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So you researched the company you are interviewing for and found out the chances of encountering a non-technical interview question are pretty high. This article is meant to provide a comprehensive answer to the tricky how many squares on a checkerboard question. The short, straight-forward, and simple answer is 64 squares, 32 white ones and 32 black ones. But no interviewer will be satisfied with this answer because this question also refers to the squares formed by combining all the little black and white squares. The answer they are looking for is 204, but let?s see how we got to that number.
How Many Squares on a Checkerboard: Explained
To provide an accurate answer, we need to first approach the question logically. We already know there are 64 little squares on a checkerboard, so now we need to find out how many larger squares there are.
Note: We want to count ALL the squares on a checkerboard; this includes the squares that overlap. ?
Let?s start with the 2×2 squares on a checkerboard. The right vertical border has 7 2×2 squares with their rightmost border on this edge, and the left horizontal border also has 7. If 2×2 squares take up 7 different positions vertically and other 7 positions horizontally, this means we will have 49 2×2 squares.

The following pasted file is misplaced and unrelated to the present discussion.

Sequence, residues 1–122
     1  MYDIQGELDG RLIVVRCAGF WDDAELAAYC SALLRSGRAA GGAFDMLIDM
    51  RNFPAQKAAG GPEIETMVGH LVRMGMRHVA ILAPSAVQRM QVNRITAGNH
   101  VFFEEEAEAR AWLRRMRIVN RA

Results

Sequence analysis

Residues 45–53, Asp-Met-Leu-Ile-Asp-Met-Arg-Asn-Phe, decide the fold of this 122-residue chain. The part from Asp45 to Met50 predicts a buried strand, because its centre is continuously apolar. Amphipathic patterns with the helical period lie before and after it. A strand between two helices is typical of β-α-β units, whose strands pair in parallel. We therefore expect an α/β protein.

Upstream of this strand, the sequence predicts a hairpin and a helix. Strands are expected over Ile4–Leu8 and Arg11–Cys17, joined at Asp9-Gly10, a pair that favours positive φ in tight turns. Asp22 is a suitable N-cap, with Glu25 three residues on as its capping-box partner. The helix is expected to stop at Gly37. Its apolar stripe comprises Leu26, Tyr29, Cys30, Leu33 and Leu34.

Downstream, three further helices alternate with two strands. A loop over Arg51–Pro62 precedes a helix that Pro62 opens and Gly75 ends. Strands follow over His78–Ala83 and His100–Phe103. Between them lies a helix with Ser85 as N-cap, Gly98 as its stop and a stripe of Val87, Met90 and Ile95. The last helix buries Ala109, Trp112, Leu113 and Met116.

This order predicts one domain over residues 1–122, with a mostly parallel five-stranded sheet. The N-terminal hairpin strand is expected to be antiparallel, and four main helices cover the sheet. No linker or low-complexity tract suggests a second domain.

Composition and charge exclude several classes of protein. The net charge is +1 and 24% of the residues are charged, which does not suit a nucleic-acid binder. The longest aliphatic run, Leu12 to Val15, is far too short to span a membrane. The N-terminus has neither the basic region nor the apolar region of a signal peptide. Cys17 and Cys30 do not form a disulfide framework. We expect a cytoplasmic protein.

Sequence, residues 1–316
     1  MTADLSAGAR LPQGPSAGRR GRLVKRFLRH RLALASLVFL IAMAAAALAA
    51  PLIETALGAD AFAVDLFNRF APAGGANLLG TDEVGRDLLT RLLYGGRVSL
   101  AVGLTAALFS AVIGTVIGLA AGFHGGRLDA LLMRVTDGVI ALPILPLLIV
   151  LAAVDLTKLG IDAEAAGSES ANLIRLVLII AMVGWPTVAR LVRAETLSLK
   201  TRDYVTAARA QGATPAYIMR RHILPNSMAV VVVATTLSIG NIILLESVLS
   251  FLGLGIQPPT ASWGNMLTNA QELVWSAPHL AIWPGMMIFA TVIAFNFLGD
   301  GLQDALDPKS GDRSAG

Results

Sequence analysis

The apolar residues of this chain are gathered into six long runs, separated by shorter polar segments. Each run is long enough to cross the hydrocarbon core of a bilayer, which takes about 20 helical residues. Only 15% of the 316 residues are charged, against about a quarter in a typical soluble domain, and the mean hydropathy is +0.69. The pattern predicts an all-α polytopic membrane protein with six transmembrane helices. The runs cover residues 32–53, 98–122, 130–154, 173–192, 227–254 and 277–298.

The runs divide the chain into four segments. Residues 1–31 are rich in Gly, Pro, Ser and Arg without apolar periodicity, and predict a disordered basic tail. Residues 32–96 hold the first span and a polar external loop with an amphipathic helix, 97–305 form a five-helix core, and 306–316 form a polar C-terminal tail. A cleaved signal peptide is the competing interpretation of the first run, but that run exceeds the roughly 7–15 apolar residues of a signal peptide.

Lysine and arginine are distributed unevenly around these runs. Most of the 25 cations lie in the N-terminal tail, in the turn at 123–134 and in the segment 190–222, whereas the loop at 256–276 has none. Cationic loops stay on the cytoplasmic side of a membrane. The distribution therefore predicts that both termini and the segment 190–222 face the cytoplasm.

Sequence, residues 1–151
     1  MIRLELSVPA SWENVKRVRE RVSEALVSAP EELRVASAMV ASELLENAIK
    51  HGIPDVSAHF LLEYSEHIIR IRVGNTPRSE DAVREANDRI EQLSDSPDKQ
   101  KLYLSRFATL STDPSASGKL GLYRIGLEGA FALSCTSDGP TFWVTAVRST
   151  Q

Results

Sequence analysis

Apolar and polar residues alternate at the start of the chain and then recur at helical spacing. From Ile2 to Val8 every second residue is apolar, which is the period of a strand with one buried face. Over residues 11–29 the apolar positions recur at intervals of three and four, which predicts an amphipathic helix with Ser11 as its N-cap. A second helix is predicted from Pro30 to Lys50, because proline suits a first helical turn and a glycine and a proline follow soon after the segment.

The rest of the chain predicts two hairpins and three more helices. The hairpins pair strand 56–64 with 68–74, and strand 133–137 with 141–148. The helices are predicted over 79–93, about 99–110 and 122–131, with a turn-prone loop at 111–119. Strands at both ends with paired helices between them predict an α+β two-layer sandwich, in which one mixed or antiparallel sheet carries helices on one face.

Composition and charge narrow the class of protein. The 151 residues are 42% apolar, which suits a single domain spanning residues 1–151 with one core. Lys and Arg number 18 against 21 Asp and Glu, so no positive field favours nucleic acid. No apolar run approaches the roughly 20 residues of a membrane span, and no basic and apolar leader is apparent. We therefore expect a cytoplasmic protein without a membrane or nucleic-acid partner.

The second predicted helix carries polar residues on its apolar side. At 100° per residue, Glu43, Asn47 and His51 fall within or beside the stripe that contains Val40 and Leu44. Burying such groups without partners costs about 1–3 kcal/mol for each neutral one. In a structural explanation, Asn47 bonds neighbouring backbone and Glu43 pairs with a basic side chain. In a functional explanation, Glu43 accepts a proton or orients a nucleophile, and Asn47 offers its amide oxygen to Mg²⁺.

If we do the same calculations for the other squares, we will find out a checkerboard has 36 3×3 squares, 25 4×4 squares, 16 5×5 squares, 9 6×6 squares, 4 7×7 squares, and 1 big, 8×8 square. Therefore, the total number of squares on a checkerboard in 204.
How Many Squares on an NxN Checkerboard?
There?s a pattern in the numbers above that most math enthusiasts will notice. Specifically, the number of squares is the sum of squares from 12 to 82. therefore, this is the generalized sum for the total number of squares on an NxN checkerboard:
n2 + (n-1)2 + (n-2)2 + ?. (1)2
We can also use the following formula to determine how many squares we have on an NxN checkerboard:
n(n + 1)(2n + 1)/6
When preparing for an IT interview, it?s important to also cultivate adjacent skills and abilities. The many sub-branches of mathematics like algebra, calculus, combinatorics, and the like. This was just one of the many examples of non-technical interview questions you can stumble upon when interviewing for a new job.